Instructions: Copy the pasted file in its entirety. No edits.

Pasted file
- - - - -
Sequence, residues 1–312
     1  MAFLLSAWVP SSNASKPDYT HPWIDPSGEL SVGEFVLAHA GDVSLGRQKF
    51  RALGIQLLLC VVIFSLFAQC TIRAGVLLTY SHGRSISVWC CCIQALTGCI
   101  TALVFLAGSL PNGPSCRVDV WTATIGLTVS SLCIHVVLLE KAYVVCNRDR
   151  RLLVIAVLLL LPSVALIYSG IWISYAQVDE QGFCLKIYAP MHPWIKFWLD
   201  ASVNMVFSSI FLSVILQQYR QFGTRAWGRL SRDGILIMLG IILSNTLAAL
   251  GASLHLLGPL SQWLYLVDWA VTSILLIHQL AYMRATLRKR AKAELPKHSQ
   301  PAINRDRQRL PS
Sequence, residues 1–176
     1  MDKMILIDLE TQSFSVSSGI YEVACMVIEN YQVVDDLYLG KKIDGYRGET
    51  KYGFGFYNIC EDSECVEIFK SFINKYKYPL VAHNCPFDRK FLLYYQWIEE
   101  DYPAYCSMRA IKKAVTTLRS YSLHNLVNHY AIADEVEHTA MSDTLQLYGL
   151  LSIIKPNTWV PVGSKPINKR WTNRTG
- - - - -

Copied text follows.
Sequence, residues 1–312
     1  MAFLLSAWVP SSNASKPDYT HPWIDPSGEL SVGEFVLAHA GDVSLGRQKF
    51  RALGIQLLLC VVIFSLFAQC TIRAGVLLTY SHGRSISVWC CCIQALTGCI
   101  TALVFLAGSL PNGPSCRVDV WTATIGLTVS SLCIHVVLLE KAYVVCNRDR
   151  RLLVIAVLLL LPSVALIYSG IWISYAQVDE QGFCLKIYAP MHPWIKFWLD
   201  ASVNMVFSSI FLSVILQQYR QFGTRAWGRL SRDGILIMLG IILSNTLAAL
   251  GASLHLLGPL SQWLYLVDWA VTSILLIHQL AYMRATLRKR AKAELPKHSQ
   301  PAINRDRQRL PS
Sequence, residues 1–176
     1  MDKMILIDLE TQSFSVSSGI YEVACMVIEN YQVVDDLYLG KKIDGYRGET
    51  KYGFGFYNIC EDSECVEIFK SFINKYKYPL VAHNCPFDRK FLLYYQWIEE
   101  DYPAYCSMRA IKKAVTTLRS YSLHNLVNHY AIADEVEHTA MSDTLQLYGL
   151  LSIIKPNTWV PVGSKPINKR WTNRTG